Modes of Teaching, Learning and Assessment and how these contribute to the learning outcomes of the module

  • Student learning is facilitated by a combination of the following teaching methods:
  • Lectures to set the foundations for further study and to provide the basis for the acquisition of subject specific knowledge. Lectures provide a broad framework which defines individual module content, introducing students to themes, debates and interpretations. In this environment, students are given the opportunity to develop skills in listening, selective note-taking and reflection;
  • Seminars to allow students to present and critically reflect upon the acquired subject-specific knowledge, methodologies and theories, and to identify and debate a range of issues and differing opinions. The seminar is the forum in which students are given the opportunity to communicate ideas, jointly exploring themes and arguments. Seminars are structured to develop understanding and designed to maximise student participation related to prior independent preparation. Seminars give students the opportunity to develop oral communication skills, encourage critical and tolerant approaches to reasoned argument and historical discussion, build the students' ability to marshal historical evidence, and facilitate the development of the ability to summarise historical arguments, think in a rapidly changing environment and communicate in a persuasive and articulate manner, whilst recognising the value of working with others and, occasionally, towards shared goals.
  • Assessment:
  • Seen open book examination to test students' ability to work under pressure under timed conditions, to prepare for examinations and develop key time management skills. The examination gives students the opportunity to develop relevant life skills such as the ability to produce coherent, reasoned and supported arguments under pressure.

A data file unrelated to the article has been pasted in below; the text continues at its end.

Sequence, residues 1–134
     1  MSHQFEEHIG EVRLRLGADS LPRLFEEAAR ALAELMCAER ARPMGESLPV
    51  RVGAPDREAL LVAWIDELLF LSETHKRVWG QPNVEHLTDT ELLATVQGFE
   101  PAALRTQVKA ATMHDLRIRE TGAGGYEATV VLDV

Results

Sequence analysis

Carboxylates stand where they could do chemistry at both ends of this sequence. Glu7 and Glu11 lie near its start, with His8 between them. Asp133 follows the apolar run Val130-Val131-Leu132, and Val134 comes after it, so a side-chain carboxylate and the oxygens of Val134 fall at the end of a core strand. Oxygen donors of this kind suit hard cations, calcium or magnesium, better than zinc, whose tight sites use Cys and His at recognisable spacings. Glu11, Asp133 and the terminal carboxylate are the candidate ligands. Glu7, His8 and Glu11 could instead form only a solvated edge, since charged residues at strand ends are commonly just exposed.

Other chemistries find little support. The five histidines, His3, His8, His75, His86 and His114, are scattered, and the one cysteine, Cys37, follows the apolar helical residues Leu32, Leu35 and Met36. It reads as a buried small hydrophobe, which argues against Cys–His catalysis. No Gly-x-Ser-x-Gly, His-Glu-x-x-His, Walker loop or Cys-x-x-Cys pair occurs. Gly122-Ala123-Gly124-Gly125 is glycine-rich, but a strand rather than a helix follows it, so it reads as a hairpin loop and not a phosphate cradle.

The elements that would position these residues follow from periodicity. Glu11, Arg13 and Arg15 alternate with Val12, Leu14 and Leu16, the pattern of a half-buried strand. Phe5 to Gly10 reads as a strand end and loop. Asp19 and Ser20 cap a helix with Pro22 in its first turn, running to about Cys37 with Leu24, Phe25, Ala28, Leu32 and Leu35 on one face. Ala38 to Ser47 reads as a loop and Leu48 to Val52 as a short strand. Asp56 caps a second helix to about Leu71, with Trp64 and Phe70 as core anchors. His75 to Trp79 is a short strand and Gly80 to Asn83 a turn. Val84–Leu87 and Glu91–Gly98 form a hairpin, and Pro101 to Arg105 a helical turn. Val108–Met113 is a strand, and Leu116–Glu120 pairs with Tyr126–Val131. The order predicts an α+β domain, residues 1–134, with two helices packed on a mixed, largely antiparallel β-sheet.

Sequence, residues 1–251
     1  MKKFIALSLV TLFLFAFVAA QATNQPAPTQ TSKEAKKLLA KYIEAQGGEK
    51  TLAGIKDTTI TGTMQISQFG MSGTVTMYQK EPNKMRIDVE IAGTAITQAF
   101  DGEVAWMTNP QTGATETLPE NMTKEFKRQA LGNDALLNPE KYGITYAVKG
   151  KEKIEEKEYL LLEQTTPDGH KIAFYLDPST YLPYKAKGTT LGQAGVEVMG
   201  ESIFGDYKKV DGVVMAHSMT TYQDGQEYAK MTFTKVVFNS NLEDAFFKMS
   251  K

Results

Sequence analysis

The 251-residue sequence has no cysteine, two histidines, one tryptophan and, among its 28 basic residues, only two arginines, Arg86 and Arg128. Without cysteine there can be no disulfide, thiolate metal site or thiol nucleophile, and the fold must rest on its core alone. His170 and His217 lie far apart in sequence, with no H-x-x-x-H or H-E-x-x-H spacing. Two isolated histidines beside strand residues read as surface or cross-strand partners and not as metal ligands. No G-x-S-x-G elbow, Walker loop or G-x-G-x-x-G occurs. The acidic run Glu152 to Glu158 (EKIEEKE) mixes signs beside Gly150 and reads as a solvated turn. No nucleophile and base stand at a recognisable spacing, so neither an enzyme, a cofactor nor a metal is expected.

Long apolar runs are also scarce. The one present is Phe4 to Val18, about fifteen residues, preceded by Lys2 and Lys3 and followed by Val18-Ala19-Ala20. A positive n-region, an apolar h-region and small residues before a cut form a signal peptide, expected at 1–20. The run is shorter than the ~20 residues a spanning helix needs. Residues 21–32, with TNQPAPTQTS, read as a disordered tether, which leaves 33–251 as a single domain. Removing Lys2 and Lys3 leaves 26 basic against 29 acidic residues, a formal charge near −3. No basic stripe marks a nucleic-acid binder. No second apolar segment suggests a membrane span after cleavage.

• Coursework remains a central component of assessment in history, due to the integrative high-order skills they develop.

Teaching Methods and Learning Hours

Activity Number Frequency Duration Total/Hours
Lectures 17 17 1 hour 17
Seminars 7 7 1 hour 7
Preparation and Reading 176
Total 200

Summative Assessment

Component: Examination Component Weighting: 60%
Element Length / duration Element Weighting Resit Opportunity
Seen open book examination 2 hours 100%
Component: Coursework Component Weighting: 40%
Element Length / duration Element Weighting Resit Opportunity
Coursework assessment consisting of a short essay or assignment of equivalent length e.g. source commentaries 2,000 words, excluding footnotes and bibliography 100%

Formative Assessment:

One or more short assignments submitted in writing or delivered orally in a group seminar context.

Attendance at all activities marked with this symbol will be monitored. Students who fail to attend these activities, or to complete the summative or formative assessment specified above, will be subject to the procedures defined in the University's General Regulation V, and may be required to leave the University